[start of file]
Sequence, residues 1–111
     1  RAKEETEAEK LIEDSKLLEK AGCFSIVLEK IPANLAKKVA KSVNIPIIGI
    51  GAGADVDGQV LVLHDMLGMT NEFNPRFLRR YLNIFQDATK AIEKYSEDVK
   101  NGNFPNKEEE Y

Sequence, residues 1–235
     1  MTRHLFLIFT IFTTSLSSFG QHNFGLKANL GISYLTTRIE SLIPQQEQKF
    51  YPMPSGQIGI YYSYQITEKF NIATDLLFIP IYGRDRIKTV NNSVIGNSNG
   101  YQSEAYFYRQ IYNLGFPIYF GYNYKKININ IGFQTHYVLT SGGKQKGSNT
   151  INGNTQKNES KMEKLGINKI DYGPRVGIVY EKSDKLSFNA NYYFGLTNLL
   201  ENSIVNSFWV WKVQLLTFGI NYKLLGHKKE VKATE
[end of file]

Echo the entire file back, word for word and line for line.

Sequence, residues 1–111
     1  RAKEETEAEK LIEDSKLLEK AGCFSIVLEK IPANLAKKVA KSVNIPIIGI
    51  GAGADVDGQV LVLHDMLGMT NEFNPRFLRR YLNIFQDATK AIEKYSEDVK
   101  NGNFPNKEEE Y

Sequence, residues 1–235
     1  MTRHLFLIFT IFTTSLSSFG QHNFGLKANL GISYLTTRIE SLIPQQEQKF
    51  YPMPSGQIGI YYSYQITEKF NIATDLLFIP IYGRDRIKTV NNSVIGNSNG
   101  YQSEAYFYRQ IYNLGFPIYF GYNYKKININ IGFQTHYVLT SGGKQKGSNT
   151  INGNTQKNES KMEKLGINKI DYGPRVGIVY EKSDKLSFNA NYYFGLTNLL
   201  ENSIVNSFWV WKVQLLTFGI NYKLLGHKKE VKATE